“I used to think that I could never lose anyone if I photographed them enough. In fact, my pictures show me how much I’ve lost.”
Eager to record everyday moments through her camera lens, Nan Goldin created a visual diary of her and her friends experiencing love, sex, abuse, addiction, pain, joy, and illness. Throughout the late 1970s and 1980s, Goldin lived and traveled a bohemian life in and out of Boston, New York, Provincetown, Berlin, Mexico City, London, and elsewhere.
The photographs’ saturated color and snapshot quality makes them feel at once intimate and truthful yet also romantic, sometimes even otherworldly. But the people and their stories are unstaged and fraught with contradiction. Cookie Mueller is shown seemingly alone at a bar, at her wedding to Vittorio Scarpati, and with her son, Max. She sold cocaine and used heroin, opium, and other drugs; she was a wife, a mother, an actress, a writer, bisexual. Cookie and Vittorio would both die in 1989 from AIDS-related causes. Greer Lankton died of a drug overdose in 1996. Nan survived; so did Suzanne. These words, like the photographs, are mere glimpses.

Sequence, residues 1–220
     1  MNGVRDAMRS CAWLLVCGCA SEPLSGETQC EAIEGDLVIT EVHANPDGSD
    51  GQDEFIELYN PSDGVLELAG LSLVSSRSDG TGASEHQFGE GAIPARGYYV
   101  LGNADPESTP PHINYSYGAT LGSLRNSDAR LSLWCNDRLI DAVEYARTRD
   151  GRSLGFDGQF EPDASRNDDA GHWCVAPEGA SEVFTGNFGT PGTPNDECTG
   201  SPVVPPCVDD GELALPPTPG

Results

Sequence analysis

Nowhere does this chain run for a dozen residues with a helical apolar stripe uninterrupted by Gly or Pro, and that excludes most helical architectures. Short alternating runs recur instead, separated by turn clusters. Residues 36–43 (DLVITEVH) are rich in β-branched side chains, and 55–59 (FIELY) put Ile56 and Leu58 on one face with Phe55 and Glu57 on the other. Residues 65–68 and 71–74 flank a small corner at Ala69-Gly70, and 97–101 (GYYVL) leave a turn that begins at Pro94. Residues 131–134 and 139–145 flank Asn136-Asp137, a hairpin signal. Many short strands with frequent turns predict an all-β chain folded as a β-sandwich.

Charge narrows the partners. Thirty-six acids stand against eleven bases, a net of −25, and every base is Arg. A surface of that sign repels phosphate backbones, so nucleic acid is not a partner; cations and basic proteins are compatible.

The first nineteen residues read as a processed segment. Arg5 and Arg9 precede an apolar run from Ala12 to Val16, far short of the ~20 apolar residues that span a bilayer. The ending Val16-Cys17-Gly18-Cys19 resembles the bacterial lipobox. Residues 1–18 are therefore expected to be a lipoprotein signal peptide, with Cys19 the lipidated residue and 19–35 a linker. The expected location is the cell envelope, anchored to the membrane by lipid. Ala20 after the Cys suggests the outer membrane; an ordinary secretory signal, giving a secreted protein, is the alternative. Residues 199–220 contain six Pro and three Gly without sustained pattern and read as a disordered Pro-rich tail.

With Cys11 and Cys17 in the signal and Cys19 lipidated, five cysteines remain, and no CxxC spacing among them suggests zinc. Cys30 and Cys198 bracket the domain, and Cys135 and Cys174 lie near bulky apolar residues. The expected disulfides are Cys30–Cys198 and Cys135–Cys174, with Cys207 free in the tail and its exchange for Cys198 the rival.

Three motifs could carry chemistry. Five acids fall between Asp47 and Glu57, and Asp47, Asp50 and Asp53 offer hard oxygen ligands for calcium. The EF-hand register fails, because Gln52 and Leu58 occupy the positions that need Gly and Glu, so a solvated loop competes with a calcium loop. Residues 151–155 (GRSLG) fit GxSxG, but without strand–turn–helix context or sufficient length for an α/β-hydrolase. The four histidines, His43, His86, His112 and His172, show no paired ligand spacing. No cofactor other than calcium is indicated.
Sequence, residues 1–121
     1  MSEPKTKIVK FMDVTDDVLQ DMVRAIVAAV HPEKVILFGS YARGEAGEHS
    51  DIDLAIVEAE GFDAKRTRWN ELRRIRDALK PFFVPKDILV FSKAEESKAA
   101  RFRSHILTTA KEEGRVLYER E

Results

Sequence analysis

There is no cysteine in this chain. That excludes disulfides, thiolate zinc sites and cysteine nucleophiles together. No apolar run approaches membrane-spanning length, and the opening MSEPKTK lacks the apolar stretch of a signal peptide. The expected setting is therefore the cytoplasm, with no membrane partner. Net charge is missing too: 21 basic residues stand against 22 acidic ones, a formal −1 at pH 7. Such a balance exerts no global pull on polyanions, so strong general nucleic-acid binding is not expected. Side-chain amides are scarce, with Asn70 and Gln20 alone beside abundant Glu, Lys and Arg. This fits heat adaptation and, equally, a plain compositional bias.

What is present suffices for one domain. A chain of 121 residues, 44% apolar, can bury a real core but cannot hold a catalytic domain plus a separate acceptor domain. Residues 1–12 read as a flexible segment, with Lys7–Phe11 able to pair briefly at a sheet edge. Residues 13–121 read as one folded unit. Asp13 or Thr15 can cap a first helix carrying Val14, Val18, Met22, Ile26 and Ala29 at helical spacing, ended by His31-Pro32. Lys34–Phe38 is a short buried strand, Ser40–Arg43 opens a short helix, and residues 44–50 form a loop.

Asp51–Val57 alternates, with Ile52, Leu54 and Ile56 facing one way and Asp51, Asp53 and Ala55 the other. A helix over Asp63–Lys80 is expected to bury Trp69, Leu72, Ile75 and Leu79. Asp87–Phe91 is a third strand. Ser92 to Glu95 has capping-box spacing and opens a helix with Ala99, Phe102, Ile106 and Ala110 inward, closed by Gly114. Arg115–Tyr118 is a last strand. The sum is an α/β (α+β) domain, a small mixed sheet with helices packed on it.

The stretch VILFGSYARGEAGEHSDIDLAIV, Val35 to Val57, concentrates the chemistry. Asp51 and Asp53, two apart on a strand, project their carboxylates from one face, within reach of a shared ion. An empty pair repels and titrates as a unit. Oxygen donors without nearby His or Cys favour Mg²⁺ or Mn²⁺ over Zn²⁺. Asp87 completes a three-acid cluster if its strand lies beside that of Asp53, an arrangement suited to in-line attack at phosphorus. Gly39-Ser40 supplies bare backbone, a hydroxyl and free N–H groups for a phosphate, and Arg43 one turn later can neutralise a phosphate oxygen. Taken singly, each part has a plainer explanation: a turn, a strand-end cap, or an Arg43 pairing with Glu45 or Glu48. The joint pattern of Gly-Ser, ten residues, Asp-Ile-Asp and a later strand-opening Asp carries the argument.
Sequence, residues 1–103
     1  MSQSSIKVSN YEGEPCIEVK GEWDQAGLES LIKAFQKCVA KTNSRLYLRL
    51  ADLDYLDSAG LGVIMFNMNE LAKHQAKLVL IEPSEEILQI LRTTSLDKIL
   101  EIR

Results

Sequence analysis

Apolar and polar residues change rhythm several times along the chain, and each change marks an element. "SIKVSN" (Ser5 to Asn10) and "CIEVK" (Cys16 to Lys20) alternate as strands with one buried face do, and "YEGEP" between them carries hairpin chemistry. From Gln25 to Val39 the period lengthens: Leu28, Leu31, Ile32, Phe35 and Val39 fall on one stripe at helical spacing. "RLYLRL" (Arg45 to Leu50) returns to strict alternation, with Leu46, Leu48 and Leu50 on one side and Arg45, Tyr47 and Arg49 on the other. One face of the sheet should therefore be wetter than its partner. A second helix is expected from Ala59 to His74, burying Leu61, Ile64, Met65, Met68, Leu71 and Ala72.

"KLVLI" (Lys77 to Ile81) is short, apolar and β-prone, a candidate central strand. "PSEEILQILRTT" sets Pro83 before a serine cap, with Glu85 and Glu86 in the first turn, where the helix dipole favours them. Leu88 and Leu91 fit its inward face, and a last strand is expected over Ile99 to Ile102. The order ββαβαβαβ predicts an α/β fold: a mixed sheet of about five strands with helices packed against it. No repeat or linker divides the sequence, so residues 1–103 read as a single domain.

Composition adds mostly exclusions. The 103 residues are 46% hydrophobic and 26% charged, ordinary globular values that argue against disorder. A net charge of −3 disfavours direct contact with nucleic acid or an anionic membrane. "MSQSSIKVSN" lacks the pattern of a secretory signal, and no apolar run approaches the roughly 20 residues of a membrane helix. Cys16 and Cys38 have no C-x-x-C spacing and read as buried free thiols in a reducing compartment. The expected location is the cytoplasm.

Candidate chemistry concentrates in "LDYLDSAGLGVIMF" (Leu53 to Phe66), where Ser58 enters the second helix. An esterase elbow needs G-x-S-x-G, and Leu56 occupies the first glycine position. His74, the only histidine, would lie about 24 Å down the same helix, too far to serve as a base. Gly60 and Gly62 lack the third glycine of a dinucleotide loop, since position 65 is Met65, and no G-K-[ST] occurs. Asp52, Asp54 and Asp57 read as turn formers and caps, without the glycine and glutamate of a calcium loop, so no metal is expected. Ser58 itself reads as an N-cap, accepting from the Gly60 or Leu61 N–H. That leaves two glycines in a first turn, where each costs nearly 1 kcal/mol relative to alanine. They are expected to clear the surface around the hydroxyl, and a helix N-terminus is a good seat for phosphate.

From the exhibition: Beauty and Bite (July 20, 2019 – January 19, 2020)
Loneliness is a quiet, invasive companion. It settles in the morning like dew on the grass and overstays its welcome.
If it was a color, it might be a dull yellow. Not like honey or a sunrise but a sad, ugly citrine. Sour. The kind of yellow you would never put on your wall.
The awful thing about loneliness is that it is inherent to the human condition. Ubiquitous, it’s a malady we must learn to live with. It plagues us, day and night—though especially at night—and we spend each moment quenched and sick, searching for a remedy we’ll never truly find.
Loneliness begins in childhood: sitting alone on the bus, not being chosen during a game, hoping for an invitation to a birthday party. It fuels competition and gives way to a hungry desperation, a desire to be admired, envied, wanted. As we get older we learn to cope with its persistent presence. We know to grab onto those around us before others get the chance. We rendezvous with romantic partners in frantic hope of permanently gluing ourselves to someone else, finally curing our longstanding problem, allowing ourselves to be understood, and seen.
Because that is loneliness’ inverse, the solution that we are in constant, trivial pursuit of: being seen. A photograph allows its subject to be seen, to some degree. Reading gives you a glimmer of insight into the author. Looking into someone’s eyes, too, gives you a piece of their puzzle.
But can this really cure us of our ailment? Can we truly rid ourselves of the bitter pit that burrows into our cores like a leeching parasite? At night, we laugh and shine and watch each other dance, intoxicated with the idea of knowing and being known. But in the mornings we wake in a cold bed, bathed in flat yellow, together—but always utterly alone.